When it comes to reading material, the "Adult" barrier for the reader does not ensure any sort of graphic details based off of the understanding of trauma or even much pornography (including the illustrated kind). More than likely, what the purchaser is going to get is a lot really simple puns with words like "fuck" and "shit" not used as verbs. What the author is going to get is usually 70 cents on the dollar and satisfaction that words using like "fuck" and "shit" indicate cleverness. 

So we're here, I'm still stuck with filling out "Age" slots for events and dudes and dames,  go around swearing for shock value. This is because of a certain impracticality where event organizers and game producers have applying movie markets to games. At the same time, most of us deal with, or have dealt, with own children as we see fit.

Tuesday, December 22, 2015

Old Shanghai RPG supplement

As you might have read, I just recently did a quick study of China from about 1909 until 1949, for potential RPG scenario/setting use. Recently while hanging out at a G+ TSR Gangbuster's community I saw a plug for Tom West's Old Shaghai from Horrido Publishing. Well what a perfect place to start for doing some "China RPGing" as well as the whole East Asian region for that matter? Set in the 1930s, the reader is introduced to vastly reforming world for the city. Japan steps into the role as regional aggressor of the Shangdon peninsula. The British Empire hovers over Chinese territories like a vulture over the corpse of Qing dynasty after its century-long antagonism pays off. The French show their tone-death lack of insight despite continued holdings. The fledgling Soviet Union and its refugees add distinctively even more brutal intrigue. The Americans and Germans kind of look on, at least in the early 30s, pretty much eating peanuts watching colonialism, militarism, and nativism vie for supremacy in the rather lawless city. A much proclaimed "cosmopolitan" city fills the world's newspapers while foreign gunboats patrol the Yangtze Delta and its tributaries. Nothing screams B&W and smoke-filled adventure quite as much this work.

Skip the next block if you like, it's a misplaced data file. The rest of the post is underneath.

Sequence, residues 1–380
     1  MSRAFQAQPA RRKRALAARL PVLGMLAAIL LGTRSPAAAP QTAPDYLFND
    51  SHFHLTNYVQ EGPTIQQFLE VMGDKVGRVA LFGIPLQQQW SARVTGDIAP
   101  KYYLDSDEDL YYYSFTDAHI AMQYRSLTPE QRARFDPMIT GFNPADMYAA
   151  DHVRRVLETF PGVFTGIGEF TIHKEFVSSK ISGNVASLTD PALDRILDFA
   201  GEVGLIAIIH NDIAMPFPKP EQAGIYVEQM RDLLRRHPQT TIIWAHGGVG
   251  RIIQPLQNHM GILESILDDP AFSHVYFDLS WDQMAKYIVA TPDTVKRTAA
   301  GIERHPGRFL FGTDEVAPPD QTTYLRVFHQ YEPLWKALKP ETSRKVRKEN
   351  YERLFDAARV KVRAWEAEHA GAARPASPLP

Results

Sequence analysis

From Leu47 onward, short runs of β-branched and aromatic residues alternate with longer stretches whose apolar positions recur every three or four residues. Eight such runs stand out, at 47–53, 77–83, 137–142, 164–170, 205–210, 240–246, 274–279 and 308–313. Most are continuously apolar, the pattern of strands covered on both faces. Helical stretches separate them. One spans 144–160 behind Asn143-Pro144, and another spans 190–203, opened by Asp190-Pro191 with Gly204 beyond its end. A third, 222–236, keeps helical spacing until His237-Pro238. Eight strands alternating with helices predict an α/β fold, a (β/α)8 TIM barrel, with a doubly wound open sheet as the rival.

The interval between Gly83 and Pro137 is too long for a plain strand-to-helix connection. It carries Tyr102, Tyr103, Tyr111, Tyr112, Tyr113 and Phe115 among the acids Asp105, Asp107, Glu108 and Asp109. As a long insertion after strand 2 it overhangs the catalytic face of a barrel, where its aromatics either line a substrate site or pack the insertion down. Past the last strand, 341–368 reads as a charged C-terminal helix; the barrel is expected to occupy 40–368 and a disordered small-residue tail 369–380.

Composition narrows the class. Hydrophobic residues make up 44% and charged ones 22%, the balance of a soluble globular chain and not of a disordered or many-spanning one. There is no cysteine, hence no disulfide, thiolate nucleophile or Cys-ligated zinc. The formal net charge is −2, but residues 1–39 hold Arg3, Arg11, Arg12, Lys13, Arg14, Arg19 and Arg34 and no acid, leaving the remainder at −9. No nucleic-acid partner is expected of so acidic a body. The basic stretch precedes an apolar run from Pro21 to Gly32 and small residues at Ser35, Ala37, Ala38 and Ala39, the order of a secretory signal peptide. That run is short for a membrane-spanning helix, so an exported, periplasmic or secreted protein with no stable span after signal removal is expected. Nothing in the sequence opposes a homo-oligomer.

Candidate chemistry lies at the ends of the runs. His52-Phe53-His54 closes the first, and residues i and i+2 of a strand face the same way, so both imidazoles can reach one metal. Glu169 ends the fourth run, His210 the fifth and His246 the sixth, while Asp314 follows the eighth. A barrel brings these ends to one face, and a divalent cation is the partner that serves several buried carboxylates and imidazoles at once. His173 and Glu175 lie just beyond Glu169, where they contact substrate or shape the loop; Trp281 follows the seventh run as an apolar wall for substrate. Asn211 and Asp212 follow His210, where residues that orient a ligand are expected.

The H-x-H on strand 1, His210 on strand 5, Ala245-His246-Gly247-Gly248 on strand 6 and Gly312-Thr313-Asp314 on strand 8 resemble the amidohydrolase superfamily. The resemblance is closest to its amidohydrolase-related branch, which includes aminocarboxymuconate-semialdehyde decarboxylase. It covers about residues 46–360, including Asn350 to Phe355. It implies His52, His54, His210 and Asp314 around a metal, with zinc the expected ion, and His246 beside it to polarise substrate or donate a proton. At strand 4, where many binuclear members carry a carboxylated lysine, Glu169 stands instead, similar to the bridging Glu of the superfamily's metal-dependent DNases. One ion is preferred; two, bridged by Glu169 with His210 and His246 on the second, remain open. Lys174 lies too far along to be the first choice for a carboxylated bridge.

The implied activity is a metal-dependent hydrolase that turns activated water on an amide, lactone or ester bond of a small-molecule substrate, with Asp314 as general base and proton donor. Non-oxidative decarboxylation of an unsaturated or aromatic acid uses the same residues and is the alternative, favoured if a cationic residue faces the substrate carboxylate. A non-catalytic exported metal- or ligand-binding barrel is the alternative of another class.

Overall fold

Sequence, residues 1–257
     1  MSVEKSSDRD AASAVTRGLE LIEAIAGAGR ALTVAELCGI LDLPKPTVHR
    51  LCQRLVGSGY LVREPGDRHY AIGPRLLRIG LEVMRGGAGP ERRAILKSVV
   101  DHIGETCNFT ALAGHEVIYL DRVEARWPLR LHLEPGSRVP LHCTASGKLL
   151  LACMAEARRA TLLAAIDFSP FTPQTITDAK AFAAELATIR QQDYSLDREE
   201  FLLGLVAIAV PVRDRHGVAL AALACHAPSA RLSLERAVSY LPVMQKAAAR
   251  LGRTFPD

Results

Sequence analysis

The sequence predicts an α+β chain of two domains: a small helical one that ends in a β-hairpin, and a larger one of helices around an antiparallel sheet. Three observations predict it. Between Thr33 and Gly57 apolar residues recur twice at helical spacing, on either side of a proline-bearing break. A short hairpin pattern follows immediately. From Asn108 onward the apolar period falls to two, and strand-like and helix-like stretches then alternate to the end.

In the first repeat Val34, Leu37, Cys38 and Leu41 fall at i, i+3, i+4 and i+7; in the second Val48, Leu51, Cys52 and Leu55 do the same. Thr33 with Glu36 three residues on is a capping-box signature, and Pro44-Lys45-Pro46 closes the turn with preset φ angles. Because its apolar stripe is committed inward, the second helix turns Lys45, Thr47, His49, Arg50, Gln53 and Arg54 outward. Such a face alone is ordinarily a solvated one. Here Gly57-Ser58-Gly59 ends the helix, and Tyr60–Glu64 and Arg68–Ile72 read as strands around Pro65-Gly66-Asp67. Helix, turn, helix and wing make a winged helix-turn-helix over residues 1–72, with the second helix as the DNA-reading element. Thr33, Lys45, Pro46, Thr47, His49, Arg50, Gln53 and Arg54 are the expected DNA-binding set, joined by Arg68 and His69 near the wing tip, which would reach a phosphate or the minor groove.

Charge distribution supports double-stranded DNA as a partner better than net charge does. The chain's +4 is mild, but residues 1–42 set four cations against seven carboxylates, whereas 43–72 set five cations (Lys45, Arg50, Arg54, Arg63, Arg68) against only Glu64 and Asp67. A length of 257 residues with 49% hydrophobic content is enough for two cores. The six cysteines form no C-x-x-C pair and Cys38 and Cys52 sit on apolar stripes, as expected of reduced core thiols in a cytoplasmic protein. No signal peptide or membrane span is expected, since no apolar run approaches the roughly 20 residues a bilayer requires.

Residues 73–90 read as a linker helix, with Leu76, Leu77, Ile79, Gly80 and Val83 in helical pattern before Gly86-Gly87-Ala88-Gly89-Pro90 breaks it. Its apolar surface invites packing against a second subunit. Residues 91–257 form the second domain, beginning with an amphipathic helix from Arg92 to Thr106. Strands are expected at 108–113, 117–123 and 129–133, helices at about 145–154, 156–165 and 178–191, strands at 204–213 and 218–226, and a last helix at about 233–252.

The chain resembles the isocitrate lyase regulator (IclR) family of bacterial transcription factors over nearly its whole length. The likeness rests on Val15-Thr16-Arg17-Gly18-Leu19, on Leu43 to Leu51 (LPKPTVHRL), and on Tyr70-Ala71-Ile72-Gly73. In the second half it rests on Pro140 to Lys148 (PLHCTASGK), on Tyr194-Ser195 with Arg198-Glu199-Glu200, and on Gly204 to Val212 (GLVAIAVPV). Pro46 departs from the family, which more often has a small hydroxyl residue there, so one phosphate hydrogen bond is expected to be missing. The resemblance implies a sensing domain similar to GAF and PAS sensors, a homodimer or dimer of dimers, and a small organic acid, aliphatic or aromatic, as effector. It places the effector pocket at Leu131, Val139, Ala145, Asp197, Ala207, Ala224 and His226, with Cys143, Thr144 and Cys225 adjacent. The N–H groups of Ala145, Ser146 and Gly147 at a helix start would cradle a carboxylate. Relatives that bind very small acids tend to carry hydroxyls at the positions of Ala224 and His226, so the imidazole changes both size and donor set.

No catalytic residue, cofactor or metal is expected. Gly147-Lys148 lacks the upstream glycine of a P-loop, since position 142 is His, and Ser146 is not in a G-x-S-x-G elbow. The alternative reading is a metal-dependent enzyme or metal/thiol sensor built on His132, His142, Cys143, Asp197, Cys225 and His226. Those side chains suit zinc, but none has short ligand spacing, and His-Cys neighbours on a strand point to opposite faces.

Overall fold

This source book does a pretty good job making sure that the reader gets a good grasp of the city. First its layouts, then its organizations, and then some of the people. West then goes on to work out a couple of scenarios using bits and pieces of the book's elements before moving into some real nitty-gritty details. Throughout the book pages bearing articles from a newspaper, I am not sure if the periodical was real or not, its real articles appear without dates, giving a great atmospheric guide as well as adventure hooks for the DYI GM. It was these details that I found to be the best part of the work, being already somewhat familiar with period and place. Stuff like travel times from various major cites of the Far East via various modes of transportation, really put the cream on the pie for me-- Something about Vladivostok being 11 hours away by plane to Shanghai really kicked in some espionage notes in my head.

This work is very tall King Kong, a couple feet off of its height for a lack of more art and some editing. It is very, very close to a Godzilla. I will be buying more from this author.

China circa 1928
The Far East circa 1937